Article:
Talent Within: Julia Caston

/ November 30, 2021
At the North Carolina Museum of Art, we are surrounded not only by extraordinary works of art but also by extremely talented colleagues. On view through February 13, 2022, Talent Within: The NCMA Staff Art Exhibition features 24 works by staff members in departments as wide-ranging as security, exhibition design, and programming and in practices as diverse as drawing, photography, and sculpture. Three participating artist-staff members spoke to Circa about their contributions to the show.

Julia Caston:

Mental illness can be very lonely. I was diagnosed with an anxiety disorder in college and have been taking medication for a decade. When I first started, I had a lot of shame and would hide the meds from my roommate, thinking she would judge me. In graduate school, after years of therapy, my relationship to my anxiety disorder was much healthier, and I was able to talk about it more openly. The summer after the first year of my MFA, my cohort went to Mexico City. We visited Frida Kahlo’s house, and I was amazed to see all her back braces and casts beautifully decorated and proudly displayed.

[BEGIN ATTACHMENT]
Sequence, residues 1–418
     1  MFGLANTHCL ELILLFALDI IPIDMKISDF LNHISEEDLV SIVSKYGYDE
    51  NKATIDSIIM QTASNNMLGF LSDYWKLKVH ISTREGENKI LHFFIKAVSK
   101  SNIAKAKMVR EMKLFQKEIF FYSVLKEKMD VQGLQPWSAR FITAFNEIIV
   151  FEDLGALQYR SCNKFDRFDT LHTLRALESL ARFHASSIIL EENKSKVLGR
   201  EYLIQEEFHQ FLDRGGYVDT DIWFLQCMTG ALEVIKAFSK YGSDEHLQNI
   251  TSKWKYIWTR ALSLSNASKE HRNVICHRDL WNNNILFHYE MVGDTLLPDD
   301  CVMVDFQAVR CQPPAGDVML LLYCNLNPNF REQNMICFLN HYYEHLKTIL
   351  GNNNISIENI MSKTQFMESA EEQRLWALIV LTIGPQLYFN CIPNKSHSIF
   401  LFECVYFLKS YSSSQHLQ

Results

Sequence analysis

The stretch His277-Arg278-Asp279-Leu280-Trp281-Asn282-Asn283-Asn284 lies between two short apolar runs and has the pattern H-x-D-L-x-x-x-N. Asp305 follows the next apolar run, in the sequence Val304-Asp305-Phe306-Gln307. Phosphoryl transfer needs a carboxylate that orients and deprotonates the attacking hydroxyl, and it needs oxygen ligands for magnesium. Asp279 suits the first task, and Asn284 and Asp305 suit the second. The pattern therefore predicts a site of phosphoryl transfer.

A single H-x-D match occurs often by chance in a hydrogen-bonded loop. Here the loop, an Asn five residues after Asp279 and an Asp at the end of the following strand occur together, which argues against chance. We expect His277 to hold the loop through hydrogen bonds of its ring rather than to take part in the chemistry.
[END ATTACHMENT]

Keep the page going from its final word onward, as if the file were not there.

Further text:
Inspired by Kahlo’s courage, I returned to my program with an interest in examining my own illness and learning more about it through insight into other people’s histories. I collected 42 empty medication bottles from 26 anonymous people, along with a notecard with the name of their medication, the dosage, and a few sentences detailing their thoughts. The bottles are displayed in a glass vitrine and titled Medication Artifact. The cards describe a range of experiences—positive and negative relationships with meds, self-love and self-loathing. Learning about these stories and the parallels with my own made me feel significantly less lonely.

I am extremely grateful to have this installation displayed at the North Carolina Museum of Art. The Museum has been the most supportive place I have worked while managing my anxiety disorder. I have had conversations in the gallery with visitors interacting with my installation, who speak to me about their own experiences with medication and mental illness. I look forward to learning more from visitors about their reactions and interpretations of the artwork.

Julia Caston
Julia Caston is the outreach assistant and internship coordinator at the NCMA.

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